Do you know what tension drilling is? Well, read on.
Having made the gears which position the carriage on the chassis of the Armstrong RML model cannon (I assume that regular readers will know by now that RML stands for “rifled muzzle loader”), I had to drill the chassis for the gear shafts.
There are 3 shafts, 8mm, 6mm and 5mm diameter. I knew the theoretical distances between the shaft centres by applying formulae taking into account module and tooth numbers. And also by using “Gearotic” software.
But! I did not know the distance between the big gear and the rack gear. Because, the rack is attached to the base of the carriage, and the big gear is attached to the chassis. Considerations such as trolley wheel diameters, rectangularity of chassis and carriage, and position of the trolley wheels on the carriage all come into play. I will not bore you with details, but determining that measurement involved a lengthy, tricky, and complex setup using a surface plate, height gauge, adjustable parallels, straight edges, and averaging the errors. Amazingly, it turned out OK.
Then came a decision. To drill and ream straight through both girders at once, or to measure and drill/ream them individually. Luckily for me, I had a visit from GSMEE member Swen, (to borrow a tool), who is a retired ex-army Warrant Officer artillery fitter/turner. When I explained my dilemma, he was in no doubt. Measure them and drill them independently, he advised. So I did just that.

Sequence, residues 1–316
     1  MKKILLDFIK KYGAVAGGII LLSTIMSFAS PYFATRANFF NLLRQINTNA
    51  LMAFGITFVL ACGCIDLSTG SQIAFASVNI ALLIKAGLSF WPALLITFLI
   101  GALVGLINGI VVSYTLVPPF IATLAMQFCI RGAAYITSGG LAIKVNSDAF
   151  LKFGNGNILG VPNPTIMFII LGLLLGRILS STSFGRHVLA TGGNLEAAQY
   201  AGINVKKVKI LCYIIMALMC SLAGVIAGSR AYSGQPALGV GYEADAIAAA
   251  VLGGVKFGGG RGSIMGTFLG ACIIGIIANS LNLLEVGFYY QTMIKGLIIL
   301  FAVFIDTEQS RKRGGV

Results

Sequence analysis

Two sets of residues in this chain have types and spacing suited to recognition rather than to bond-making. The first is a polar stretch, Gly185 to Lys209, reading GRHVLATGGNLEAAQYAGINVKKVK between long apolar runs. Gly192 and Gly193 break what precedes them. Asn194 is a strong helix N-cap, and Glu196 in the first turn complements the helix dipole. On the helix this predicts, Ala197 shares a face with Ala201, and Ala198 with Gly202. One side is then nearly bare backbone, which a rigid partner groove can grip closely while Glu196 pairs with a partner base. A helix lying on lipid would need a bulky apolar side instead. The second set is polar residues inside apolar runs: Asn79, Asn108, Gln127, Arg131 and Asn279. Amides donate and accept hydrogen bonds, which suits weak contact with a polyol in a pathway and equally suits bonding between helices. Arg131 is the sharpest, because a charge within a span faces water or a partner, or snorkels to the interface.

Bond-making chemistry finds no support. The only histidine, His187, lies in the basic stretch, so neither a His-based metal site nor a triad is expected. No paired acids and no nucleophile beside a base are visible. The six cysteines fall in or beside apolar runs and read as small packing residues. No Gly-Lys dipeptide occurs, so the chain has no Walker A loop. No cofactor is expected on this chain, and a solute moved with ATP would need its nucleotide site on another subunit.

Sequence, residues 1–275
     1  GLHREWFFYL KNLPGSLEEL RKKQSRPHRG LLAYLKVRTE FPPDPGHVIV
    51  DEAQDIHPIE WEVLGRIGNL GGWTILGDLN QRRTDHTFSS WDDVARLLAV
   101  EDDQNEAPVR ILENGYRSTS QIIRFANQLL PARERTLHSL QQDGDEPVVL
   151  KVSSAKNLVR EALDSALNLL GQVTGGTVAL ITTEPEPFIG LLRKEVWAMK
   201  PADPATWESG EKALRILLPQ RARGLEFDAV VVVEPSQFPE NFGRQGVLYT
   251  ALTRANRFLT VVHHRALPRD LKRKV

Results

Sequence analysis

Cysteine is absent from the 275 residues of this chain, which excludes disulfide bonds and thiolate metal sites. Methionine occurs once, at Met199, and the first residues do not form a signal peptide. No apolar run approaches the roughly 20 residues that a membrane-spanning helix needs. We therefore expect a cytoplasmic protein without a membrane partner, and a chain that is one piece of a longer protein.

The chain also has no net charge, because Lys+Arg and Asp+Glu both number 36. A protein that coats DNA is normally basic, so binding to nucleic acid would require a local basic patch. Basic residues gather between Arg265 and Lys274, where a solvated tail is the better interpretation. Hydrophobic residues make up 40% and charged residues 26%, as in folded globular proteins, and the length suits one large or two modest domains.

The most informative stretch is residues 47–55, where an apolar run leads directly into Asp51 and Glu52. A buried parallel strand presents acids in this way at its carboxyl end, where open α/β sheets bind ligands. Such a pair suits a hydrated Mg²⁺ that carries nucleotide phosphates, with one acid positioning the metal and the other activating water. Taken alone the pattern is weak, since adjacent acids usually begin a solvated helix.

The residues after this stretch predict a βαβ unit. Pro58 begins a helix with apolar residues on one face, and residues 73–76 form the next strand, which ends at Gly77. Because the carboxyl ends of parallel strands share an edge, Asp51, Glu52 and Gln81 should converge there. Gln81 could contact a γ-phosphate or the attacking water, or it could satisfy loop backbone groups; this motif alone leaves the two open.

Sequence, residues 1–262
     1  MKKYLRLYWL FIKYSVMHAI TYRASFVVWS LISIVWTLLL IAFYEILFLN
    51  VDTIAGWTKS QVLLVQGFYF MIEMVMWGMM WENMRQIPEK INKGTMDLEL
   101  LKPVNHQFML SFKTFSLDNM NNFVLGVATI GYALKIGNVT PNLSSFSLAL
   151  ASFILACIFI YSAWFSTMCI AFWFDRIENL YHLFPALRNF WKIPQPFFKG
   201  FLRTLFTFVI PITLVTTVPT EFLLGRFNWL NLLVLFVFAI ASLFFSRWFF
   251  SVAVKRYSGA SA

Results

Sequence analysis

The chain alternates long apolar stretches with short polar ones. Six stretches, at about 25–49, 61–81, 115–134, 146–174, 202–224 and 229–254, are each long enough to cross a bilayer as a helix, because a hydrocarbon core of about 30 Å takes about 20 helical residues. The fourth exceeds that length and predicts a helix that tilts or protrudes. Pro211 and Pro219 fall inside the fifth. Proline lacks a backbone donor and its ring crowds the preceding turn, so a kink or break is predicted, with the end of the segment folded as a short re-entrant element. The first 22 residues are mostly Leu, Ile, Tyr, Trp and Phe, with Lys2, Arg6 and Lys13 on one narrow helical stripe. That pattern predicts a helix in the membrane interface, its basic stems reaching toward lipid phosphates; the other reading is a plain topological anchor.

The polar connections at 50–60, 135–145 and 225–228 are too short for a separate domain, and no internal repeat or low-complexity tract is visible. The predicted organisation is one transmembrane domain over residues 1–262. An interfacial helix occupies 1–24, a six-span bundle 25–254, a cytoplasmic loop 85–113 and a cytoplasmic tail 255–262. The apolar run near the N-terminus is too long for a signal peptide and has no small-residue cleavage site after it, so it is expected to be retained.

But, having invested many, many hours to date in making the chassis’, drilling a big (relatively) hole in the chassis girder was a very tense moment. (hence “tension drilling”).
Before drilling any more of the 6 holes required, I tested the fit between the rack and the big gear. Amazingly, it seemed pretty good. Maybe a little bit tight, but not too bad. So, I drilled and reamed the remaining holes.
That photo represented a very long day in the workshop. I think that I arrived home about 9pm.
And there was a problem.
The big gear and its partner would rotate freely in one direction, but were catching and lumpy in the other direction.
Closer examination revealed that the teeth of the pinion appeared to be bent, allowing free movement in one direction only. Hmm…. how could that have happened? And how to fix it?
Root cause analysis of the issue concluded that the mill Z axis must have been bumped when I cut the teeth on that gear, causing them to be slightly off centre, producing the “bent” appearance. (the top photo shows the faulty gear. Can you make out the distortion?)
Solutions? Make a new gear. Or fix the distorted one. I decided to try the second option. I was not wanting to make another ratchet. So, I filed and tried, filed and tried, filed and tried…. you get the picture. And gradually the lumpiness disappeared. Several hours later, with blisters appearing, it seemed quite good, and will not be visible to casual inspection. You, dear readers, will be the only ones to ever know.
Yesterday I drilled the second chassis. I completed the task in only 2-3 hours. A fraction of time compared with the first one.
Firstly may I say that your progress in investment casting is inspiring and great to have watched on the blog.
Tension drilling for me is the operation of making the steam channels from inside the cylinder to the valve port face. Having done it a few times without cockup one would think confidence would belay the tension; not so for me.
Yes. That certainly qualifies for tension drilling! I remember.